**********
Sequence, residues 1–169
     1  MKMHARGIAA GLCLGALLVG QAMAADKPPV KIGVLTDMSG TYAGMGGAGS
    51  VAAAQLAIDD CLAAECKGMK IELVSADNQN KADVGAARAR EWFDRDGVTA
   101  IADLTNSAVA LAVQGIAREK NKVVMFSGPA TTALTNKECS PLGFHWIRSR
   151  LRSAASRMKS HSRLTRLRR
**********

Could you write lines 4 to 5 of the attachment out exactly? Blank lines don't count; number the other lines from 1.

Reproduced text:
   101  IADLTNSAVA LAVQGIAREK NKVVMFSGPA TTALTNKECS PLGFHWIRSR
   151  LRSAASRMKS HSRLTRLRR